President Obama believes that the expected bipartisan immigration reform proposal should not receive extended scrutiny by lawmakers in committee, according to his spokesman, who said that immigration debates in past year should suffice.

“[A]s veterans of the Senate know, this issue has been under consideration at very serious levels periodically for a long time now,” White House Press Secretary Jay Carney said during the gaggle today. “There is a great need to act on comprehensive immigration reform and a great opportunity to do it now, as the President has made clear. It has been in the past, and seems to be now, a bipartisan priority. And that is as it should be, in the President’s view.”

Carney was rejecting Rubio’s call for “regular order,” which would entail multiple hearings on the bill and provide senators with greater latitude to offer amendments to the bill.


As the Gang of Eight negotiates and prepares to roll out a comprehensive immigration reform bill, members of the “gang” have not publicly addressed concerns that remain about policies surrounding law already on the books — specifically one relating to immigrant dependence on welfare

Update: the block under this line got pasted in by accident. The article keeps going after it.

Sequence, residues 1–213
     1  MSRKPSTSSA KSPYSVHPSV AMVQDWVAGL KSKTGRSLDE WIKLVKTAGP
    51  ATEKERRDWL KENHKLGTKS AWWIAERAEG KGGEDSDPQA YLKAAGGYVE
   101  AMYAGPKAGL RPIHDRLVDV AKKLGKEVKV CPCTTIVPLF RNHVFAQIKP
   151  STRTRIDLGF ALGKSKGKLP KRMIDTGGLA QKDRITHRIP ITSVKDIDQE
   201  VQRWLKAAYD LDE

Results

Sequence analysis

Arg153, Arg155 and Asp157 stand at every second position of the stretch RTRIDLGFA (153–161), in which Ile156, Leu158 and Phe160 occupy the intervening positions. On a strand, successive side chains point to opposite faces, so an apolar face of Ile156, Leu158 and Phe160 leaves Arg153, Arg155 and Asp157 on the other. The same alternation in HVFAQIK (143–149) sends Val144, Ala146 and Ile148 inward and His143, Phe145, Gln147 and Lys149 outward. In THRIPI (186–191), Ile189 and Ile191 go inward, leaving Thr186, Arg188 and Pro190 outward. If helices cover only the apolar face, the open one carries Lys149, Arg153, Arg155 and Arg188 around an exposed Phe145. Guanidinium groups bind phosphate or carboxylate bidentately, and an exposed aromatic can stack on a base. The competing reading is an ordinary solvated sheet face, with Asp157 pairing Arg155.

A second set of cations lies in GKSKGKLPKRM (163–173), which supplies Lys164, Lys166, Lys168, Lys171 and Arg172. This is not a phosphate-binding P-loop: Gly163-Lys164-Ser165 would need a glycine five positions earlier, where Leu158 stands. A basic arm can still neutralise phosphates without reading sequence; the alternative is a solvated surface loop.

“One of the biggest potential loopholes in the plan the Gang of Eight may produce concerns access to public benefits and welfare programs,” Sessions said in a statement to TheDC. “Nothing in the framework from the Gang of Eight appears to correct one of the most important areas of federal immigration law that has not been enforced: public charge law.”

South Carolina Republican Sen. Lindsay Graham’s office has chosen not to answer questions about whether the public charge statute would apply to undocumented immigrants granted legal status and an eventual green card (which would open access to a vast swath of welfare assistance programs) under a comprehensive immigration reform plan.


Immigration and Customs Enforcement union president Chris Crane told reporters on Wednesday that the Mexican drug cartels’ influence inside the United States has been “almost completely absent” from the immigration reform debate but needs more attention.

“I mean, if these folks coming over here taking work, we know that the drug cartels’ troops and the soldiers are all within the interior of the United States as are many other criminal elements and criminal individuals,” Crane said on a conference call with media. “There are people coming here for this to be a land of opportunity and there are people coming here because this is a target of opportunity. We believe there is a very disproportionate number of criminals coming into the United States.”…